Complementary therapies: Some patients seek alternative holistic therapies like acupuncture as part of the recovery process and others may opt to see a psychologist for mental and emotional support. Appointments vary between R600 and R1 000 per session.

Home modifications: If an illness has an effect on a patient’s mobility or strength, it might be necessary to modify or renovate parts of the home to make it more easy to navigate. The scope of these modifications will vary – it may be as simple as making the bathroom floors non-slip and adding grab-bars for the shower, bath and toilet.

Home care: A live-in carer can cost R3 500 to R7 500 per month or more.

According to Theunis, the insurance industry’s claims statistics show that the likelihood of contracting cancer is far higher than any other disease. With that in mind, more medical scheme policies have to accommodate the heavy costs of cancer. It is also true that treatment and recovery weigh heavy on patients’ finances.

“The risk of falling into debt also becomes very high. There are very sad examples of families who have had to sell their homes and move in with family because of the exorbitant costs of treatment and recovery,” said Theunis.

Theunis says having a specific type of insurance, commonly referred to as “severe illness cover”, is the best way to manage the financial risks.

“This cover is different to medical aid, which covers doctors and hospital bills. Severe illness cover is intended to pay for medical aid shortfalls and expenses not usually paid by medical aid. It can also supplement reduced incomes when the illness is so debilitating that a career change or even stopping work is required, and in some cases, the benefit assists with experiences like a holiday, to help ease the emotional impact of the disease.”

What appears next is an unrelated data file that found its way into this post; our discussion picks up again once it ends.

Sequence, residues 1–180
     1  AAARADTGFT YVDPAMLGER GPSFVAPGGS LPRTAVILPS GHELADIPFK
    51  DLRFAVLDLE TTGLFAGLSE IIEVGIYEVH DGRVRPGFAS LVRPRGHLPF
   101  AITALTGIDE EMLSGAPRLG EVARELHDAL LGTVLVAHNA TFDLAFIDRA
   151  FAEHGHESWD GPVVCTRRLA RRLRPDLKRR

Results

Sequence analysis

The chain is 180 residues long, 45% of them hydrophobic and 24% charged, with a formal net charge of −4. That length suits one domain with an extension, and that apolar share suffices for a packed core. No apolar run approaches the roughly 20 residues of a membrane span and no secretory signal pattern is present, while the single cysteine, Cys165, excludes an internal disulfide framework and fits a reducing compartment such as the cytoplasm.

The severe illness option was designed with consumers’ financial constraints in mind and as a means to help them reduce their costs instead of cancelling their policies in the current tight economic conditions.

“As tempting as it can be to cut insurance, the statistics are not in any of our favour, so being well prepared for cancer is really the best situation to be in,” said Theunis.

Discovery’s head of research and product development, Deon Kotze told Moneyweb that severe illness insurance provides lump sum benefits in the event of diagnosis with a severe illness (including cancer). Although these lump sums do not provide direct indemnification for the costs associated with the diagnosis, it assists with the treatment costs, or indirect costs as a result of the diagnosis (e.g. home nursing).

Gap cover policy from medical aid schemes also benefits the bank balance. According to Feroza Joosub, head of Sanlam Gap Cover, gap cover pays for the shortfall between what medical schemes pay for hospital procedures and certain out-patient services, and the tariffs charged by medical professionals.

“Having medical aid without gap cover can mean if something big happens you still have to cover a large portion of in-hospital fees. So, in our view, it remains a critical part of a person’s overall insurance cover,” Joosub said. However, given that gap cover typically pays up to 500% of medical scheme rates and that gap cover payments are now capped at R150 000 per beneficiary per year, severe illness cover can go a long way to cover out-of-pocket medical costs too.

CANSA provides support for cancer patients and survivors by offering free wigs, stoma bags and linen savers, home-based support, lymphedema treatment, and assistive devices and medical loan equipment via its care centres.

Source: Moneyweb by Aarti Bhana